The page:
The scale shouldn't be used to label or designate students as a student with special needs requiring special education. It's also not used to assess a student's personality traits. Again, the Student Risk Screening Scale determines critical areas of concern that may negatively impact a student's academic journey.

This should aid in determining how educators and the school can help create an environment that's safe for the students to learn in peace. It should assist educators in determining what resources to allocate so that the student has an equal shot at achieving academic excellence like everyone else and can graduate on time.

What are the benefits of using the Student Risk Screening Scale (SRSS)?

It can identify factors negatively impacting a student's academic journey.

The Student Risk Screening Scale (SRSS) was designed to look at the externalizing behaviors that certain students might have. By taking note of the seven items on the scale's list, educators can observe if these externalizing behaviors should be considered critical areas of concern. The additional comments box we added to the scale will allow them to elaborate on their observations of each student.

It pairs well with the Student Internalizing Behavior Screening Scale (SIBSS).

More often than not, the Student Risk Screening Scale is paired with the Student Internalizing Behavior Screening Scale because doing so can give a comprehensive look at a student. Educators who use both of these will be able to cover both externalizing and internalizing behaviors.

The results can be combined with other school data related to the student that educators or counselors assess. Doing so will help them determine the appropriate interventions and support for the student to have a better school life and fruitful academic journey.

It can be used to monitor students over time to track their progress.

The Student Risk Screening Scale was designed to be used twice a year. Given this, you can consider it both a screening and monitoring tool. Let's say that you created an intervention and support plan for the student implemented it, and the student has been following this plan for a while.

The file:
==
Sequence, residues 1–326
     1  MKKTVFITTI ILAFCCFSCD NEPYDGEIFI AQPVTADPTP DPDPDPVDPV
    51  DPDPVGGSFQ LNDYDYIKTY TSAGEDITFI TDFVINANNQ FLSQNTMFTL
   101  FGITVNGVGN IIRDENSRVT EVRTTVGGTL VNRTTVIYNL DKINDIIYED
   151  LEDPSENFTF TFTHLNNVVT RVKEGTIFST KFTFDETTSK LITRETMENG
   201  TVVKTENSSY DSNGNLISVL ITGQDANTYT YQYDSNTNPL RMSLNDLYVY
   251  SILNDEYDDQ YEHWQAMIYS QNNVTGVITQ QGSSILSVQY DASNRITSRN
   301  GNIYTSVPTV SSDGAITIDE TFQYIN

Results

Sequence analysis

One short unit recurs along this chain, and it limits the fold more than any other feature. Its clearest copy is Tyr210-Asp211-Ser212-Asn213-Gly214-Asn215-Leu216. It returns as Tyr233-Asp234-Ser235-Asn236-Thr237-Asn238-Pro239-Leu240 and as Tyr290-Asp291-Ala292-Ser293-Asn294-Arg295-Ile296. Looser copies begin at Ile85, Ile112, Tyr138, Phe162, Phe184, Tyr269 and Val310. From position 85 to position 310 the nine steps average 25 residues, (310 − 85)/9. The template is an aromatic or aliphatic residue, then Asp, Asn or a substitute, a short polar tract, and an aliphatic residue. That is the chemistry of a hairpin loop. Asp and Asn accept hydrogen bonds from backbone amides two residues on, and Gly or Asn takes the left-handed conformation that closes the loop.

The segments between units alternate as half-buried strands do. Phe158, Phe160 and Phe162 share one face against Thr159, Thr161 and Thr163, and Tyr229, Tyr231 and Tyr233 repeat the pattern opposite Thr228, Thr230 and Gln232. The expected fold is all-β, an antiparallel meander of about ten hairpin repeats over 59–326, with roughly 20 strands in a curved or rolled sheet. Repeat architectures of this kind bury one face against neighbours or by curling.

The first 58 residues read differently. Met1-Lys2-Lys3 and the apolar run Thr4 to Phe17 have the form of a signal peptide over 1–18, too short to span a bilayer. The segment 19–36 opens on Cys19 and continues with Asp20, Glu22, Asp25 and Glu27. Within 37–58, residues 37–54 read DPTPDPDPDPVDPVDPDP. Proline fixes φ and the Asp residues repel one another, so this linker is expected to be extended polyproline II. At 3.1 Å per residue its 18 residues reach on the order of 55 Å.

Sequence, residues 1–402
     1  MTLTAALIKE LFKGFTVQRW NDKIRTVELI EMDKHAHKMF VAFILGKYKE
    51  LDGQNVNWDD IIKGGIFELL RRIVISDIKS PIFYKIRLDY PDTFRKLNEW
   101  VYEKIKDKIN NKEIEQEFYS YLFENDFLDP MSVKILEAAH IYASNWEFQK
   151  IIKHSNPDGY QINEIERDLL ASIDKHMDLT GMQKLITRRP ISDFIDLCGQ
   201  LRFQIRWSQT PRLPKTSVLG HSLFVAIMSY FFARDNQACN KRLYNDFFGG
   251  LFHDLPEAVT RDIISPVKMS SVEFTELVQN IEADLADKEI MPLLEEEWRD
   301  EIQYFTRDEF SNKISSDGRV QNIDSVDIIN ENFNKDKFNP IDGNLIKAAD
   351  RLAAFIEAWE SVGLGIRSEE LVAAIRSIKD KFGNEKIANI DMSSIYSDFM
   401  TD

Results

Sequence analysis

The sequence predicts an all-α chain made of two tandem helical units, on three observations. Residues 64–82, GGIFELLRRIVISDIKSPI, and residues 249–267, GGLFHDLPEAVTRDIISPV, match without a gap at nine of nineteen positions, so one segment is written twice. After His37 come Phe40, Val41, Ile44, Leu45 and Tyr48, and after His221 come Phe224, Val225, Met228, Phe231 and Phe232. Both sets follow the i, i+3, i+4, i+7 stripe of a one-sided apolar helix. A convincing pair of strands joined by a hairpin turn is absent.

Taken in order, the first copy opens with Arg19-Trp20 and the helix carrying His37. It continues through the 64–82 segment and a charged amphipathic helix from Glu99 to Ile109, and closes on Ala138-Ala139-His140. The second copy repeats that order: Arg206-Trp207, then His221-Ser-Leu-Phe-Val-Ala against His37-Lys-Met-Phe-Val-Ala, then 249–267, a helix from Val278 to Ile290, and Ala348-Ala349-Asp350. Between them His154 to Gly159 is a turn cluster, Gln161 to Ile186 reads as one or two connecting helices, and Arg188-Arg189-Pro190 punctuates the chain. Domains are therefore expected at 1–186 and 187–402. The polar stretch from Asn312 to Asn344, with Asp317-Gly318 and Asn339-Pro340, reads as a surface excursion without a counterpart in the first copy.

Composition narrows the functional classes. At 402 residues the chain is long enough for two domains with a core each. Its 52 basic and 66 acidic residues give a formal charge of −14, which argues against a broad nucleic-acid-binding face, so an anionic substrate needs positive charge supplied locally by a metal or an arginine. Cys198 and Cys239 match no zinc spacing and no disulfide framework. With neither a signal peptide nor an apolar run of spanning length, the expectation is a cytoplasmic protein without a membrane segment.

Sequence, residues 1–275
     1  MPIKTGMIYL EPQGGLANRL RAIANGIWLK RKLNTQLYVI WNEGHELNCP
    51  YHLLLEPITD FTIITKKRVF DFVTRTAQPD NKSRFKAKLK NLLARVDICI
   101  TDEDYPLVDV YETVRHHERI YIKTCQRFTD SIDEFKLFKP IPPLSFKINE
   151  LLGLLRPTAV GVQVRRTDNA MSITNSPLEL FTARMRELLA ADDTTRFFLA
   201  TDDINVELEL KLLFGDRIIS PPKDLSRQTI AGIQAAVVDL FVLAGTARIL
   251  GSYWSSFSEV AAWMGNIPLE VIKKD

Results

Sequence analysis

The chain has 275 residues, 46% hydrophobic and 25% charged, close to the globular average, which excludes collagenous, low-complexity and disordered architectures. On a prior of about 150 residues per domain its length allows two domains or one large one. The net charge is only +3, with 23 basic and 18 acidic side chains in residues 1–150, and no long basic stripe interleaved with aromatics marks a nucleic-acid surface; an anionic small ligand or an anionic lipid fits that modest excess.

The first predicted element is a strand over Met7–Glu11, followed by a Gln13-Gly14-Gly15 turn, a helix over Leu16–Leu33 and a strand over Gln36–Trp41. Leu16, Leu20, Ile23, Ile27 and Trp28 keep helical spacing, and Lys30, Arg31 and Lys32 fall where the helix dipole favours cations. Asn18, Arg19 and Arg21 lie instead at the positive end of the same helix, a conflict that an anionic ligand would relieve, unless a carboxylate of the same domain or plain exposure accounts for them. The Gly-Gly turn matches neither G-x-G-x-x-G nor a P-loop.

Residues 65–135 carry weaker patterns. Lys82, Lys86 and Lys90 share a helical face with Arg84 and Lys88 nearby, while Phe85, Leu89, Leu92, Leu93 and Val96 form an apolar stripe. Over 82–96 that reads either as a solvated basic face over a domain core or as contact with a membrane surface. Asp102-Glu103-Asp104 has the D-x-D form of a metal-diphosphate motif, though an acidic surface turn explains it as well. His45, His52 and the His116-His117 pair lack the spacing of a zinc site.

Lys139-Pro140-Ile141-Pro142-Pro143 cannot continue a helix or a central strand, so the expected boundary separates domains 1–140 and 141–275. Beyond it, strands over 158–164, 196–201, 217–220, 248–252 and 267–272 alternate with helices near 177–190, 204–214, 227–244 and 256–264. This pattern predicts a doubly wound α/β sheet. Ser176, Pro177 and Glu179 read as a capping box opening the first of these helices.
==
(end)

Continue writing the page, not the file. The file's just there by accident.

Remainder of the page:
When the next semester starts, or you're in the middle of it, you can use the Student Risk Screening Scale to check for any changes to their externalizing behaviors. If there are, and they are scoring lower, they are improving! If not, you might want to tweak your intervention and support plan.

How do student risk scales help identify a behavior problem?
How do student risk scales help identify a behavior problem?

Commonly asked questions

How do student risk scales help identify a behavior problem?

Student risk scales are designed as an initial step to highlight potential behavior issues in the classroom, allowing educators and counselors to identify students who may require further evaluation or support. By assessing various behavior patterns and assigning total scores, these scales help detect externalizing behaviors that could hinder a student's academic and social success.

What should I consider after identifying total scores on a behavior scale?

After calculating the total scores from a behavior scale, it is critical to integrate these findings with other data points such as academic performance, attendance, and disciplinary records. This holistic approach ensures that interventions are tailored to the specific needs of each student rather than just the number indicated by the scale.

Can total scores from the Student Risk Screening Scale be used alone to determine intervention strategies?

While total scores from the Student Risk Screening Scale serve as valuable indicators, they should not be used in isolation to determine interventions. It is essential to use a combination of assessments and school-related data to fully understand the student's behavior and create an effective support plan.